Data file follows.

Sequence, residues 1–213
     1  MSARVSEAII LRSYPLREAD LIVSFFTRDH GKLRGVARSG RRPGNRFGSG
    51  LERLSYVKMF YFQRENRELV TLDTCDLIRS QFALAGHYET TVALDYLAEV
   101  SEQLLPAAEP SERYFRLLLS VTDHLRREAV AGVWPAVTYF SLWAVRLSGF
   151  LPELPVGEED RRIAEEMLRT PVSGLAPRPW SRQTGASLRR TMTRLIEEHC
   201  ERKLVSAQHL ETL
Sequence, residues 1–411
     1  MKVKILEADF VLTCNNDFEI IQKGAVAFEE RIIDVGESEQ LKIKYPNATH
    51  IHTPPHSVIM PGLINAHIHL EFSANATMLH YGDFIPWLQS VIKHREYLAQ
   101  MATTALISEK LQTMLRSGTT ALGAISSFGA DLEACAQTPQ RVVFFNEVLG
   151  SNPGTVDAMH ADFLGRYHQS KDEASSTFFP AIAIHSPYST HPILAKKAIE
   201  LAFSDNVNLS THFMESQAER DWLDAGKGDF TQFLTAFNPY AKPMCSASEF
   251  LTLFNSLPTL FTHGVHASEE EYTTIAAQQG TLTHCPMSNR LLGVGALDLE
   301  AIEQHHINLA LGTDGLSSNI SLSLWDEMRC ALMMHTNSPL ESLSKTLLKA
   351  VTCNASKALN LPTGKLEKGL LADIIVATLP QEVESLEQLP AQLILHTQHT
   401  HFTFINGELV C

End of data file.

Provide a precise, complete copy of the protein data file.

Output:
Sequence, residues 1–213
     1  MSARVSEAII LRSYPLREAD LIVSFFTRDH GKLRGVARSG RRPGNRFGSG
    51  LERLSYVKMF YFQRENRELV TLDTCDLIRS QFALAGHYET TVALDYLAEV
   101  SEQLLPAAEP SERYFRLLLS VTDHLRREAV AGVWPAVTYF SLWAVRLSGF
   151  LPELPVGEED RRIAEEMLRT PVSGLAPRPW SRQTGASLRR TMTRLIEEHC
   201  ERKLVSAQHL ETL
Sequence, residues 1–411
     1  MKVKILEADF VLTCNNDFEI IQKGAVAFEE RIIDVGESEQ LKIKYPNATH
    51  IHTPPHSVIM PGLINAHIHL EFSANATMLH YGDFIPWLQS VIKHREYLAQ
   101  MATTALISEK LQTMLRSGTT ALGAISSFGA DLEACAQTPQ RVVFFNEVLG
   151  SNPGTVDAMH ADFLGRYHQS KDEASSTFFP AIAIHSPYST HPILAKKAIE
   201  LAFSDNVNLS THFMESQAER DWLDAGKGDF TQFLTAFNPY AKPMCSASEF
   251  LTLFNSLPTL FTHGVHASEE EYTTIAAQQG TLTHCPMSNR LLGVGALDLE
   301  AIEQHHINLA LGTDGLSSNI SLSLWDEMRC ALMMHTNSPL ESLSKTLLKA
   351  VTCNASKALN LPTGKLEKGL LADIIVATLP QEVESLEQLP AQLILHTQHT
   401  HFTFINGELV C